Taurine has not been reported to cause specific adverse events in clinical or preclinical cases. Previous clinical studies have reported that taurine does not induce genotoxic, carcinogenic or teratogenic effects in stroke or heart ischemia patients32,33,34. In Murakami et al.’s study35, no specific side effects were observed when C57BL/6J mice were treated with taurine for 6 months. Our study also revealed no severe side effects in rodents despite the long-term use of taurine for 7 months. We did not observe any changes in hair loss, water consumption or body weight in the mice throughout the experiment. In addition, no specific macroscopic changes were found upon autopsy. These results suggest that taurine has the potential to treat AD without side effects.

Biologically, taurine plays several crucial roles in the modulation of calcium signaling, osmoregulation, and membrane stabilization36, 37. The sulfonic acid group in taurine has been reported to bind to Aβ and prevent glycosaminoglycans (GAGs) from binding to Aβ. In AD patients, amyloid peptide binds to GAGs, causing plaques to accumulate in the brain and destroy neurons38. Another clinical study reported that 3-amino-1-propane sulfonic acid (3-APS) was designed as an anti-amyloid therapy and significantly reduces Aβ in the brain39. Taurine has structural similarity to 3-APS; therefore, we postulated that taurine would eventually bind Aβ directly to inhibit the interaction of GAGs with amyloid peptide20. This series of events is thought to eventually led to downregulation of mGluR5. Many studies in rodents also have demonstrated the effects of taurine on AD. Kim et al.40 reported that taurine significantly ameliorated hippocampus-related cognitive deficits in an AD mouse model. In another recent study, taurine was reported to bind directly to AβO and consequently ameliorated the behavioral deficiencies of AD, such as the loss of learning and memory18. Roberto et al.26 reported that taurine strongly protected neurons against the neurotoxicity of Aβ in vitro. Thy also demonstrated that taurine prevented neurotoxicity caused by Aβ and glutamate receptor agonists in an in vitro study. However, the studies referenced above were all performed based on ex vivo or behavioral observations rather than changes at the molecular level. The progression of AD begins preferentially with a change at the molecular level, and then clinical symptoms appear due to functional and structural changes in the brain. The novelty of the present study is that the therapeutic effects of taurine on AD were evaluated via functional PET.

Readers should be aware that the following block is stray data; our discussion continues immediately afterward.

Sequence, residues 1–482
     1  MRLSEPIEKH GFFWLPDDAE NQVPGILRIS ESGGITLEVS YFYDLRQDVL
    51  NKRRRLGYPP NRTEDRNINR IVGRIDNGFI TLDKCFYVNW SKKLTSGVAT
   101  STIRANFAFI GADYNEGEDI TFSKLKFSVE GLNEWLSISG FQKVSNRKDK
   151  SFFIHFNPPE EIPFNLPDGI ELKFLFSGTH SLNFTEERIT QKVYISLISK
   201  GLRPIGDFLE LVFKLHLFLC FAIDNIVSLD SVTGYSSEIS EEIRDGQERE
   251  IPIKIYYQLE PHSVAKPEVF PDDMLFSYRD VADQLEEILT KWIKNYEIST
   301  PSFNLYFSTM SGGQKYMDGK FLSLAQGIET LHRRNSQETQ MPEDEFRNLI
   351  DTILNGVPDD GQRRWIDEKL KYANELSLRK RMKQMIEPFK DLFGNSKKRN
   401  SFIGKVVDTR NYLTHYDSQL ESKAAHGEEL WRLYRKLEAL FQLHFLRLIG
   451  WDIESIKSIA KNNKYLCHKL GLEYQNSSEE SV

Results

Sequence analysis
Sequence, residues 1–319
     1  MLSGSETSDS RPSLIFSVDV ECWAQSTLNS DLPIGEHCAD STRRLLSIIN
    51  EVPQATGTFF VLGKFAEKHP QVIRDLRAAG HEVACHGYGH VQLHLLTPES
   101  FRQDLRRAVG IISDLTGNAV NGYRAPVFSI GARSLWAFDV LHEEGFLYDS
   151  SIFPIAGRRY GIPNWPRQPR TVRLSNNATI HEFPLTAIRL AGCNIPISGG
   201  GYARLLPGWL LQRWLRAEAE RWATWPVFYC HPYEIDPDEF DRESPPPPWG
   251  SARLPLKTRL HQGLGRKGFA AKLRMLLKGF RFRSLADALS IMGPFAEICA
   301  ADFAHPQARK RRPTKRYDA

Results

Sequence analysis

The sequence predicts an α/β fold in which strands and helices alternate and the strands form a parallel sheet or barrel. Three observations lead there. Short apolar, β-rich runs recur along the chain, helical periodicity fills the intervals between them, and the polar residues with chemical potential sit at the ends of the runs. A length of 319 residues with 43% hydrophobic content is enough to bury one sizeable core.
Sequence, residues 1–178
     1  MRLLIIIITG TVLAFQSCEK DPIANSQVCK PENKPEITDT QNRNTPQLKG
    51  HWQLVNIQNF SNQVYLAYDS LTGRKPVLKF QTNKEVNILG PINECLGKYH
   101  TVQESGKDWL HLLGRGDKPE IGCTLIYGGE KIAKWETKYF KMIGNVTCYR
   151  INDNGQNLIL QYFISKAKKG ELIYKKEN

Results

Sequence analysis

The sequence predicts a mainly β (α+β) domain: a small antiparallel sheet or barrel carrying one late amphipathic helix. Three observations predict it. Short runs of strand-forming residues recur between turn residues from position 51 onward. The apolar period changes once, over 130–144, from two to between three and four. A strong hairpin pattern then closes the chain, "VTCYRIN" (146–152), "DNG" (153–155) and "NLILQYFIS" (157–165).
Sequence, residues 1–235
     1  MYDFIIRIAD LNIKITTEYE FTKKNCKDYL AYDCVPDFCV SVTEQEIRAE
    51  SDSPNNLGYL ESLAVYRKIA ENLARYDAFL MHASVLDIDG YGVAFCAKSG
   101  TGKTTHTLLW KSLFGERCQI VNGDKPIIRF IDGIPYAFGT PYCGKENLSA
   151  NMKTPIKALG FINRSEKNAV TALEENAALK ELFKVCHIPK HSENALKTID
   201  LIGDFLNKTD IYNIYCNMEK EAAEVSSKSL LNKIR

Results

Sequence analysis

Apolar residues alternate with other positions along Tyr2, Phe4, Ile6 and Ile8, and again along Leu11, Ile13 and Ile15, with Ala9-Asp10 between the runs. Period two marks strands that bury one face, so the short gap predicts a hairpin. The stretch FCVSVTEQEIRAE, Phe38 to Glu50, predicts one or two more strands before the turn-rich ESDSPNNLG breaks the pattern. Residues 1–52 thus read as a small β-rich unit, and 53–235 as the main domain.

Although the mechanism by which taurine regulates glutamatergic signaling is not yet clear, taurine may act as a modulator against AD in two manners. First, taurine is expected to play a role in facilitating the regulation of calcium signaling homeostasis in the brain, thereby leading to recovery of the glutamatergic system. Intracellular Ca2+ signaling is fundamental to neuronal physiology; therefore, disruptions in Ca2+ homeostasis are implicated in neuronal diseases, including AD41. Under physiological conditions, when calcium levels are increased in the mitochondria, Ca2+ is removed by a sodium-calcium exchanger. Such feedback helps maintain homeostasis of cellular calcium levels42. However, under pathological conditions, Aβ accumulation leads to upregulation of intracellular Ca2+ in mitochondria, which induces neuronal death43. Extensive evidence indicates that Aβ causes dysregulation of calcium signaling. Kim et al.44 reported that Aβ1–42 causes mitochondrial depolarization and increases dysregulated cellular Ca2+ levels. Weiss et al.45 showed that nimodipine, a Ca2+ channel blocker, reduced Aβ levels, implying that calcium homeostatic mechanisms are involved in Aβ neurotoxicity. Jakaria et al.46 also suggested that taurine reduced abnormal Ca2+ signaling in sensory neurons, which reduced glutamate-mediated toxicity. Second, taurine regulates AβO accumulation, eventually leading to upregulated glutamate. Previous studies showed that taurine inhibited the accumulation of amyloid plaques and prevented neurotoxicity in AD20, 26. However, in our immunohistochemistry analysis, no difference in Aβ plaque concentrations was found between the taurine-treated group and the AD group. The reason for this result is not obvious, but we hypothesize that taurine may be involved in a mechanism inhibiting the toxicity of AβO rather than Aβ plaques. Soluble AβO appears to be a more toxic and disease-relevant element in AD pathogenesis than plaques47,48,49. Jang et al.18 reported that taurine did not affect Aβ plaque levels in the APP/PS1 model but interacted directly with AβO, which led to enhanced memory function. Lesné et al.50 reported that Aβ plaques did not induce memory impairment in the absence of AβO in Tg2576 mice. Gandy et al.51 revealed that soluble AβO induced impaired cognitive function in an AD mouse model without Aβ plaques. Further investigation is required to address this issue.